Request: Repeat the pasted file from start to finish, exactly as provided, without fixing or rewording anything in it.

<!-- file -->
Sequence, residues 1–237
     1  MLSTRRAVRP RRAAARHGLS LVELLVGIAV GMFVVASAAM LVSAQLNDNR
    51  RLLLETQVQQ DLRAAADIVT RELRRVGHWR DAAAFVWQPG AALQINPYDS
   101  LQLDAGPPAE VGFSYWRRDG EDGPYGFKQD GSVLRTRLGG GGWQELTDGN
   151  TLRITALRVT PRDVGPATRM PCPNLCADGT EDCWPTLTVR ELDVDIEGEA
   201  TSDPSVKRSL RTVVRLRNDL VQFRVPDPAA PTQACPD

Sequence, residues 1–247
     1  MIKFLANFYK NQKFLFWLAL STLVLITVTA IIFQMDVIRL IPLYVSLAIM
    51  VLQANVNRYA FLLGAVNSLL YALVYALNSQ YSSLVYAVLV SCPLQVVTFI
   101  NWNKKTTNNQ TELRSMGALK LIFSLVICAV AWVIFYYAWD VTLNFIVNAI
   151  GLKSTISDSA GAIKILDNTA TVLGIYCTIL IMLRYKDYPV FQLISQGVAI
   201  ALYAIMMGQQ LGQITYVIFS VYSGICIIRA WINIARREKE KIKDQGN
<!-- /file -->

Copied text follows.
Sequence, residues 1–237
     1  MLSTRRAVRP RRAAARHGLS LVELLVGIAV GMFVVASAAM LVSAQLNDNR
    51  RLLLETQVQQ DLRAAADIVT RELRRVGHWR DAAAFVWQPG AALQINPYDS
   101  LQLDAGPPAE VGFSYWRRDG EDGPYGFKQD GSVLRTRLGG GGWQELTDGN
   151  TLRITALRVT PRDVGPATRM PCPNLCADGT EDCWPTLTVR ELDVDIEGEA
   201  TSDPSVKRSL RTVVRLRNDL VQFRVPDPAA PTQACPD

Sequence, residues 1–247
     1  MIKFLANFYK NQKFLFWLAL STLVLITVTA IIFQMDVIRL IPLYVSLAIM
    51  VLQANVNRYA FLLGAVNSLL YALVYALNSQ YSSLVYAVLV SCPLQVVTFI
   101  NWNKKTTNNQ TELRSMGALK LIFSLVICAV AWVIFYYAWD VTLNFIVNAI
   151  GLKSTISDSA GAIKILDNTA TVLGIYCTIL IMLRYKDYPV FQLISQGVAI
   201  ALYAIMMGQQ LGQITYVIFS VYSGICIIRA WINIARREKE KIKDQGN